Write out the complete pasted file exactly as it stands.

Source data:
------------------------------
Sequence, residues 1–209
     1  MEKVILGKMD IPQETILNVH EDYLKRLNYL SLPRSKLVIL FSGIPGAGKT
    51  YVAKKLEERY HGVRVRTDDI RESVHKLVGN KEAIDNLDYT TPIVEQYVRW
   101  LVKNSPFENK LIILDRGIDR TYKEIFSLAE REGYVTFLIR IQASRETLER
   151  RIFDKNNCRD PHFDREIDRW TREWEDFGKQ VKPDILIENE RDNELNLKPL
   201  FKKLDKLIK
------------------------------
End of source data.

Sequence, residues 1–209
     1  MEKVILGKMD IPQETILNVH EDYLKRLNYL SLPRSKLVIL FSGIPGAGKT
    51  YVAKKLEERY HGVRVRTDDI RESVHKLVGN KEAIDNLDYT TPIVEQYVRW
   101  LVKNSPFENK LIILDRGIDR TYKEIFSLAE REGYVTFLIR IQASRETLER
   151  RIFDKNNCRD PHFDREIDRW TREWEDFGKQ VKPDILIENE RDNELNLKPL
   201  FKKLDKLIK